I am standing on the line at my local pharmacy. Ahead of me, a girl of roughly 11 or 12 in Ugg boots and leopard pattern leggings, deep black hair pulled back in a thick ponytail. She is with her mother, who is likely in her 30s. They both look like babies to me. Sweetly, devastatingly uncomfortable in their own skin. Or maybe it’s just me. Maybe this is what happens when you get older. Everyone’s fragility becomes clearer. And everyone looks like a baby.
As Mamá and Niña reach the counter and are asked to provide the usual information, Niña turns to Mamá and pulls her magic tragic: she translates the question from English to Spanish. Mamá answers, and Niña does it again, translating Mamá’s response to the pharmacist from Spanish to English.
Fifteen feet away, one hundred thousand memories visit my place in line.
I want to approach la Niña and tell her, “Muchachita, you are amazing. And so is your Mamá.” I want her growing bones to positively tingle with the knowing of it. I want her to feel in her every fiber that her Mamá is a Conquistadora, and that her own Fluidity of Being in two languages is a Superpower. That she is a Mighty Puente that connects worlds.
I want to tell her these things because I’m fairly certain that she does not know it. What she is likely told is that her Mamá is limited in some way. And that she, herself, is lucky to be able to communicate in the language and in the time and place deemed superior.
I’ve heard it enough in my own lifetime. Words of disbelief and pity. My own Mamá never learned enough English to manage a conversation past a polite greeting, a price haggling, a simple direction to the right stop on the subway. But make no mistake, she is a Conquistadora. And she didn’t stop to learn the words that her new world might understand because she was too hard at work, focused wholly on her Mighty Puente. From daybreak to midnight for roughly two decades, La Conquistadora labored over my two towers, a solid center, and the beams of support that would hold me together through the sway of countless storms.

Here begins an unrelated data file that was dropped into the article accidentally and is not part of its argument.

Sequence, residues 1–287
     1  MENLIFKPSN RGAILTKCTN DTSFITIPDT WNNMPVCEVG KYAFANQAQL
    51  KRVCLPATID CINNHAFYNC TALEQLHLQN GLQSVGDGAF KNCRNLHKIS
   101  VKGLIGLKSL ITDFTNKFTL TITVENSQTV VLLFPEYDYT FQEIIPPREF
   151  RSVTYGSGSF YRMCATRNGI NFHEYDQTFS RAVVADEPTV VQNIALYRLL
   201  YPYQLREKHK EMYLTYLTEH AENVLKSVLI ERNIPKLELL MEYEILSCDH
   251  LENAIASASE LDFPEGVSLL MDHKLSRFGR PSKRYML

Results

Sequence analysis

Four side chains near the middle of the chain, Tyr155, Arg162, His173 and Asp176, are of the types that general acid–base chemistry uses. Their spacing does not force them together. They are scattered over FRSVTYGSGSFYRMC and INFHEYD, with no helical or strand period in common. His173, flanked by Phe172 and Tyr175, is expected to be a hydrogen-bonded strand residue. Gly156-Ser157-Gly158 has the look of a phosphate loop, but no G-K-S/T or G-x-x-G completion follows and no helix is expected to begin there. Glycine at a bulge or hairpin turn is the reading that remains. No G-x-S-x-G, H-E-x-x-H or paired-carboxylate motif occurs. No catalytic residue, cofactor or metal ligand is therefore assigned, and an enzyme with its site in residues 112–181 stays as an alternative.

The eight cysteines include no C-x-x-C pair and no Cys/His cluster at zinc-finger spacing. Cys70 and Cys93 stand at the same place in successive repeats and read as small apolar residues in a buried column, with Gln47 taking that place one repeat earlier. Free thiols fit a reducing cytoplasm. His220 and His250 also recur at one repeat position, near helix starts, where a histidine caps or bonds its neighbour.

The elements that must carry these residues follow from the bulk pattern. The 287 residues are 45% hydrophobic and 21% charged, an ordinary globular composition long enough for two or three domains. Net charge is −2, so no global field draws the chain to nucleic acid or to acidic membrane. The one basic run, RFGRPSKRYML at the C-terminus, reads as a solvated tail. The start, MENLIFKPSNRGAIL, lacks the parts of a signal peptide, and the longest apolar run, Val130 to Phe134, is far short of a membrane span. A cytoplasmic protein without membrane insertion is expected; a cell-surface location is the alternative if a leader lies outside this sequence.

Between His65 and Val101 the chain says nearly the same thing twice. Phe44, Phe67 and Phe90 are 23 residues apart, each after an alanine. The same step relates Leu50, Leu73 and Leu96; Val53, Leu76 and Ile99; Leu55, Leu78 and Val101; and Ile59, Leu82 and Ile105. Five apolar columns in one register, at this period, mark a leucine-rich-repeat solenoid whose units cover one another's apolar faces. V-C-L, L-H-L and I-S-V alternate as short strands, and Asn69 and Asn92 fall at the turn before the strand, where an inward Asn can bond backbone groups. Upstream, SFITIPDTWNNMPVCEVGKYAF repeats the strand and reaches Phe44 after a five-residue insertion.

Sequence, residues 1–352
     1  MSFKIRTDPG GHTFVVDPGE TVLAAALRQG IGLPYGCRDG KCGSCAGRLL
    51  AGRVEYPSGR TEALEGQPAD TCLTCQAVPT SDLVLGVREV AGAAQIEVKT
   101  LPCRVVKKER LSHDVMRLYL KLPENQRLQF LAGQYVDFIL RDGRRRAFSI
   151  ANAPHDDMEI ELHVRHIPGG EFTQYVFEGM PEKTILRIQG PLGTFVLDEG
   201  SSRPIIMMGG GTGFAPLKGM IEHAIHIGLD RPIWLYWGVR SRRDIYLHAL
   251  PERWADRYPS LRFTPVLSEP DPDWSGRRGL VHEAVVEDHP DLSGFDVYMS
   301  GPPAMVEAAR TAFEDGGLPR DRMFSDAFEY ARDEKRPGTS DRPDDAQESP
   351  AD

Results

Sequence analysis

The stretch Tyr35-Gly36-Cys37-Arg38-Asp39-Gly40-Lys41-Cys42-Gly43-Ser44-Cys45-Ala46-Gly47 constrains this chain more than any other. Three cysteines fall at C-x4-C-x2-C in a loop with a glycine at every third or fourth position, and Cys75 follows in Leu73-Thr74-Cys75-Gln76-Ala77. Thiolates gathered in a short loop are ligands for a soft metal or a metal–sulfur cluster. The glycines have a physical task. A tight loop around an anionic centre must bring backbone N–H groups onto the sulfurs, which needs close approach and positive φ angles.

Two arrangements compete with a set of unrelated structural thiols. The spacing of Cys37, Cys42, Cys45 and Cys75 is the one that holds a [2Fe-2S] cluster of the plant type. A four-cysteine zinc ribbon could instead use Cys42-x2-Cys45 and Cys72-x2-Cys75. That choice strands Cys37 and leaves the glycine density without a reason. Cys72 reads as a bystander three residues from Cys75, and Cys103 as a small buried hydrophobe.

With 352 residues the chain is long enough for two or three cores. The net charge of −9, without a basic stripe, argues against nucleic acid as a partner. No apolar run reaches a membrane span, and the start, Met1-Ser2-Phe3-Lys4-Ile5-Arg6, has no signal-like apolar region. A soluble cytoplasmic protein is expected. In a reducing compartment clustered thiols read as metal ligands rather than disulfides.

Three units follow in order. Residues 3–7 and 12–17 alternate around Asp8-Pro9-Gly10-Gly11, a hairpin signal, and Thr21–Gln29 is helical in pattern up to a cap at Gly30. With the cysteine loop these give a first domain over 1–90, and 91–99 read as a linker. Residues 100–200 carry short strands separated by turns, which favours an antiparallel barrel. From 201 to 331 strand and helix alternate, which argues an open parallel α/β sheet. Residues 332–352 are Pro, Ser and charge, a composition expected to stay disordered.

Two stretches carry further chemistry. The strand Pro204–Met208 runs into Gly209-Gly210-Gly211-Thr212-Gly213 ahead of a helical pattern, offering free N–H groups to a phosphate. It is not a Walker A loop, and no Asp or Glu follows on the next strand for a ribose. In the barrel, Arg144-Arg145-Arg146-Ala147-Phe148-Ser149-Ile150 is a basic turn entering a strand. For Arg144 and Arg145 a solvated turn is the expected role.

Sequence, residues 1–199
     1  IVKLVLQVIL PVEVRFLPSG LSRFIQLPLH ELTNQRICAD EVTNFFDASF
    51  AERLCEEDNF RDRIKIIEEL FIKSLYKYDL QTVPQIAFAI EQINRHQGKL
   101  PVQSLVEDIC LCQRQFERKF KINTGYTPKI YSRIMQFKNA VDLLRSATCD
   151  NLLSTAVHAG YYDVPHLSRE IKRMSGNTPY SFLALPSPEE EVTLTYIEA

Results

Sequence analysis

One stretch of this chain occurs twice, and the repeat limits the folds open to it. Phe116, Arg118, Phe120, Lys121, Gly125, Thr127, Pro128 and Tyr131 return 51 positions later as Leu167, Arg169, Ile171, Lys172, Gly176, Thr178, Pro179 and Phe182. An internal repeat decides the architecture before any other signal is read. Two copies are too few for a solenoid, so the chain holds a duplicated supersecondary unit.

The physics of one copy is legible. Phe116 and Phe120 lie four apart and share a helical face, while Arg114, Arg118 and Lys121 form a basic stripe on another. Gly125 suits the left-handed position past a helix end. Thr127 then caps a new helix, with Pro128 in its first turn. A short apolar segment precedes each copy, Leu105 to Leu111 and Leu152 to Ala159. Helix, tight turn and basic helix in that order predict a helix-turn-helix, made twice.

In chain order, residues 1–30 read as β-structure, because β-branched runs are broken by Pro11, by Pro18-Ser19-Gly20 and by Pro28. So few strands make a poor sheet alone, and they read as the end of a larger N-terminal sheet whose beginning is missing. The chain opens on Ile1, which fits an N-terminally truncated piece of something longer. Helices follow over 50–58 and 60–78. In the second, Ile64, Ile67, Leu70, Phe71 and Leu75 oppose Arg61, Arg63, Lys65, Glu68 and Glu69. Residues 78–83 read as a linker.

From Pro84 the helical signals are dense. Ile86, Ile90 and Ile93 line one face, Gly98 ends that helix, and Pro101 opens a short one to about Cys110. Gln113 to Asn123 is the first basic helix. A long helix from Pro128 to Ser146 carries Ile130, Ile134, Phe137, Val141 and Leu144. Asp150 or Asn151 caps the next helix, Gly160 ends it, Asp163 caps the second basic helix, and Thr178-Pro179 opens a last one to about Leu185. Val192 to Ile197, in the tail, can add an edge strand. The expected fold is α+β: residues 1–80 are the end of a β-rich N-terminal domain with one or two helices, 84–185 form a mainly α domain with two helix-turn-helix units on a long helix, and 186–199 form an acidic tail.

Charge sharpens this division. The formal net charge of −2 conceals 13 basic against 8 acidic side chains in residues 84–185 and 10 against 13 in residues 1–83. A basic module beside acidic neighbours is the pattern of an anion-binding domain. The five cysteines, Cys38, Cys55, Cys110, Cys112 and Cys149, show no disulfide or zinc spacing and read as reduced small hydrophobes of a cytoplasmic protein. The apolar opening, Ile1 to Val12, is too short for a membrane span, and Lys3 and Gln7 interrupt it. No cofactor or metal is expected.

It took a while for me to find the comeback to people who look down. In fact, it didn’t arrive until I was in my 30s and in the middle of conversation with a Human Resources director. I was giving my two-weeks’ notice at a job that was so toxic, I was leaving without a landing place ahead. I had never done that before, but even the director’s ethics and integrity were questionable, and so it took all I had to remain firm and polite as we moved through the exit interview. I don’t remember why I mentioned that my mother did not speak English. Maybe I was invoking her strength, reminding myself out loud that if she could thrive in a foreign land, I could thrive in my own. I remember the look on his face, though, when I said it. There it was, the slight, judgmental jerk of the head, the sideways tilt, the brows coming together, and then the question, which is not actually a question, but a judgement.
“After all those years,” he said, “she didn’t learn English?”
And in that moment, I recognized that the limited person in the room was him. And so I bit back hard.
“No, she did not. She was busy working her ass off to build me.”
As my Social feed floods with images of Conquistadoras and Puentes, my joy and pride know no bounds. I am especially moved by moms like mine, who did it alone, and the daughters who honor them when their own persistence, pride, and ass-hard work.
Bravo, Muchachitas. Bravo. You are amazing.
Photo: My Conquistadora and her Puente, NYU Graduation, 1989.